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Library of Things Shapes Dialogue on Library Collections

by on May 12, 2015

For many years, libraries have been primarily associated with books. Many people, including the taxpayers who fund public libraries, continue to hold on to this relationship. Linguistically this makes sense, as the word “library” derives from the Latin word for books: liber, though the term also means rind or bark[1], and this association is far less common. When libraries veer from this norm of providing books there is often some backlash, with greater perceived deviations receiving greater scrutiny. What a library should collect and distribute depends greatly on the community it serves and the library’s mission.

What might be considered an extreme case of this is the Sacramento Public Library’s recent initiative to create a Library of Things. One aspect is a variety of instruments, including guitars, drums and ukuleles. They have board games for all ages and video games for circulation. GoPro cameras and sewing machines are also available. It is also possible to work with the library’s 3D printer and bike repair station, though these are not available for checkout.[2]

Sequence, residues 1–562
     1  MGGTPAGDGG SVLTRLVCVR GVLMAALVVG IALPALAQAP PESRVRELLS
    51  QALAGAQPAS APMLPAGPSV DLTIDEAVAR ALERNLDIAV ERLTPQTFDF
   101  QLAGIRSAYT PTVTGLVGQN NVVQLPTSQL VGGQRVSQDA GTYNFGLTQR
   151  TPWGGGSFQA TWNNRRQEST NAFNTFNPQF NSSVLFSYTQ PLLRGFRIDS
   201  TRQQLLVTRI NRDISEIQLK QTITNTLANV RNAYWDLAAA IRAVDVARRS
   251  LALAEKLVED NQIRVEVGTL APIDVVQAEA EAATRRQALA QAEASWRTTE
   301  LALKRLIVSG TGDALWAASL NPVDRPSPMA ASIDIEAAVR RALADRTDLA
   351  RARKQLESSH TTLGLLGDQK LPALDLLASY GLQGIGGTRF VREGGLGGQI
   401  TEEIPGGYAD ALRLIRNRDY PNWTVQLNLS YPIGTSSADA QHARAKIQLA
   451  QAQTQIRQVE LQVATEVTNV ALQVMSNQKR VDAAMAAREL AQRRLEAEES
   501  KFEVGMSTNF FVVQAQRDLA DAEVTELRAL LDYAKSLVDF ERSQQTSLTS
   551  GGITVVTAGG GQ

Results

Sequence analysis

When considering a lending library of this sort, it is important to determine that it is in keeping with the library’s mission. SPL’s Mission Statement reads,  “Sacramento Public Library provides ideas, information, and resources to help our community discover, learn, and grow.”[3] Viewing the Library of Things in this context, not only does it seem appropriate to supplement their print collection with these items, but it could also be seen as a disservice to not allow these venues for learning, discovery, and growth.